& occasionally about other things, too...

Sunday, November 13, 2011

Puzzle of Murders

Brandon Pitt’s first novel, Puzzle of Murders, is a haunting, gripping tale.

Sam Giltine is a young man who embarks – rather inadvertently – on a killing spree when he fails to kill the man who raped his sister.  

The novel has a multi-layered structure that unfolds rapidly.

There is a strong physical dimension to the book.

The robust, solid descriptions of Sam’s world – Faridemidland, the deadbeat, forgettable and wasted hometown he runs away from, to the polluted and permeable back alleys of Los Angeles.

There is also an intangible, amorphous dimension of the varied ways in which Sam’s mind works.

It is at this level that the book transcends from a story of a serial killer and transmogrifies; it becomes an exploration of transformations of a mind that is prone to involuntary callisthenics.

In this world, religion and spiritualism take on hues that make them unrecognisable from each other.

Brandon adroitly acquaints us with Mormonism, Jehovah’s Witnesses, and the concepts of Avatar in Hinduism, Rasool in Islam, the philosophies of Bodhisattva and Zarathustra.
Brandon Pitts

This is clearly Brandon’s forte.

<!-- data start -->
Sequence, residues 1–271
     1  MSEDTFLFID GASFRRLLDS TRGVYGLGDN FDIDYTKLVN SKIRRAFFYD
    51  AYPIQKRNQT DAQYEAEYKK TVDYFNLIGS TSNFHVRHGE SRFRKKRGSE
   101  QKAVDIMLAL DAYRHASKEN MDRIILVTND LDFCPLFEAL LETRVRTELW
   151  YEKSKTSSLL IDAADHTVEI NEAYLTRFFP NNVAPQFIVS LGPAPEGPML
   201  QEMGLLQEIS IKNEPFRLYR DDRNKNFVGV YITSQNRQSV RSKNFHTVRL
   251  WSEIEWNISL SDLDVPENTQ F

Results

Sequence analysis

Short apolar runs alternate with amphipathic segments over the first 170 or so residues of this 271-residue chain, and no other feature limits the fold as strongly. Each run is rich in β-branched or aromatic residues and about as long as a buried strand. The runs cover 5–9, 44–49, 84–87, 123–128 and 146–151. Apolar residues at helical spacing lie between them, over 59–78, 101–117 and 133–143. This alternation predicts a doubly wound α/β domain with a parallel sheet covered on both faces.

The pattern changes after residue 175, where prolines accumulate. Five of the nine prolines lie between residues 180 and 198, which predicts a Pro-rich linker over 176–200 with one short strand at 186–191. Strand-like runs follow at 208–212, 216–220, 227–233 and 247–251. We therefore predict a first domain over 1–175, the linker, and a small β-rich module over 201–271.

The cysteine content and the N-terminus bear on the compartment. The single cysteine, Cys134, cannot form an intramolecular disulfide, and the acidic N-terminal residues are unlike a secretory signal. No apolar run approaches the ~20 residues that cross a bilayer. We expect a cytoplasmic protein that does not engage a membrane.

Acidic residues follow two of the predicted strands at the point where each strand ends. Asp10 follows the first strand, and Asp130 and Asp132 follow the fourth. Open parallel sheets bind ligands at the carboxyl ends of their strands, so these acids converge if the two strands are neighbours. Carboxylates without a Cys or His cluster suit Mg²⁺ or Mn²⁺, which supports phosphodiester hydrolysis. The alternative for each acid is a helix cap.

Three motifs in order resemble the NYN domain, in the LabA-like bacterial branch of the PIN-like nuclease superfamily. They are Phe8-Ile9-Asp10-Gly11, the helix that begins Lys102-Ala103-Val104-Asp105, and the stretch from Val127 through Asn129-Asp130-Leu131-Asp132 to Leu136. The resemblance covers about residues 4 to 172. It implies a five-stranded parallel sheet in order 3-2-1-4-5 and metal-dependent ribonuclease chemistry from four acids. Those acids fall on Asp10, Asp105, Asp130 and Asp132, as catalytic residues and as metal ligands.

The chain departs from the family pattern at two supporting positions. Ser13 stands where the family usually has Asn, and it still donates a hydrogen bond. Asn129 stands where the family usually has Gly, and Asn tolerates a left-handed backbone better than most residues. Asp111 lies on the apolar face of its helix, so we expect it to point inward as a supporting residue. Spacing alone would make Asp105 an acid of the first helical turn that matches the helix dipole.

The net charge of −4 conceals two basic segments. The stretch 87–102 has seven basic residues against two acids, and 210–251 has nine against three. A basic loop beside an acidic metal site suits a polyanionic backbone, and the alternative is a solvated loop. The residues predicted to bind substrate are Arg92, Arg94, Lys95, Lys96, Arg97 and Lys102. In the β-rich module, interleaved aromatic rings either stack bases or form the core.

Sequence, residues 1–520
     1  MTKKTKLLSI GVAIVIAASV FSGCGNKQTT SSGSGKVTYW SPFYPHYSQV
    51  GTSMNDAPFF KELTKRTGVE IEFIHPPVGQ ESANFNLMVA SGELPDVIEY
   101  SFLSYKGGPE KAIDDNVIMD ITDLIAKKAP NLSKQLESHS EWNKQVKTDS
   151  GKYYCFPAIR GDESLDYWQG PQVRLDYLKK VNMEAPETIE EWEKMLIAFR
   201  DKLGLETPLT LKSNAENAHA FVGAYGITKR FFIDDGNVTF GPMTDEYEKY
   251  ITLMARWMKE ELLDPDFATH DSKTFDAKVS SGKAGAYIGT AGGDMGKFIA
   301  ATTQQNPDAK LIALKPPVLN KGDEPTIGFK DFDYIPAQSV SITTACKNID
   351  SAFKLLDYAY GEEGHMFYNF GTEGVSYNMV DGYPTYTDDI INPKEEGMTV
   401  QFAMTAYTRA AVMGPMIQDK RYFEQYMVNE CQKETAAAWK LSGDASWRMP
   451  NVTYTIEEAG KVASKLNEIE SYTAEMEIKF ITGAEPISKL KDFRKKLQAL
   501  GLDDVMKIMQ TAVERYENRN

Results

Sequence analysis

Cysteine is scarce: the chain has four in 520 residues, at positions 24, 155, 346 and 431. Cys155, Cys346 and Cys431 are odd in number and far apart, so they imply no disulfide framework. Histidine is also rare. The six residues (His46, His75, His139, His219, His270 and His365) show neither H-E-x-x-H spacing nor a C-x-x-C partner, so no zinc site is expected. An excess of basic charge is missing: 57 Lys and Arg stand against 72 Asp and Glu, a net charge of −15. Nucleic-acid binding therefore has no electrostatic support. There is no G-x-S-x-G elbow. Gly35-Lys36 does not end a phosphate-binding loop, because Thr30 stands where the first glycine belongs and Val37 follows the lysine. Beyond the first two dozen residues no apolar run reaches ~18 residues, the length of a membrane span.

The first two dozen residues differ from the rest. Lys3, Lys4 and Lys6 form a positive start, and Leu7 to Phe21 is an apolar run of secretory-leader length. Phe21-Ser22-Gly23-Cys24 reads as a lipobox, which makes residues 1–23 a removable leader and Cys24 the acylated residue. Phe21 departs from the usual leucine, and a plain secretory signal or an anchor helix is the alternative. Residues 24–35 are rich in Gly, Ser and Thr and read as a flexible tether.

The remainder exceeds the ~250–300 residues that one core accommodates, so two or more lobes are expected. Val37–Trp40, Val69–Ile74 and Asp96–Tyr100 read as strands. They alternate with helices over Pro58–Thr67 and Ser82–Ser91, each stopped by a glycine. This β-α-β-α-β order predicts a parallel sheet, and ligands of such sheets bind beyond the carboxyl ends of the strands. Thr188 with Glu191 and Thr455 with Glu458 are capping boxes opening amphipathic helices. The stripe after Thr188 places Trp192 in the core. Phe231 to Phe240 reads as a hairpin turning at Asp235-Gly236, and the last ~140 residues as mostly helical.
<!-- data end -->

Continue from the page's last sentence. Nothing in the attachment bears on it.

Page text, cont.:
He makes these discursive excursions into spirituality and understanding the meaning of realisation evocative without ever becoming preachy or pompous or hallucinatory.

The other aspect of the novel that stays with you  is the soft, pastel shades Brandon gives to all his women characters, especially Eisheth Percy.

He is masterly when he describes Sam’s love-hate and lust for Lilth Jahl.  

I personally would’ve liked if there was a bit more of Kali Naamah, Tamara and the stripper, the Avatar of God.

But, ultimately, the book is about murders – the coldblooded and the random manner in which Sam kills people.

This is what makes Puzzle of Murders a page turner.

There is pure horror in the psychotic pleasure that Sam derives in plunging a knife through his victims and sees the “life force” leave their bodies.

BookLand Press continues to experiment with different genres and manages to unearth undiscovered talent. 


  1. What a great and attentive review of Brandon's book. He is definitely great at using religious symbolism,to bring color to his work!

    I had a great time reading this book as well.

  2. Congratulations Mayank for yet another great book review.
    This time, about Brandon Pitts' first published novel.
    You have demonstrated a great deal of knowledge about the intellect that permeates throughout Brandon's book.
    Wishing you and Brandon all the best and hoping to read more of your great reviews in the near future.

    Leo Paradela.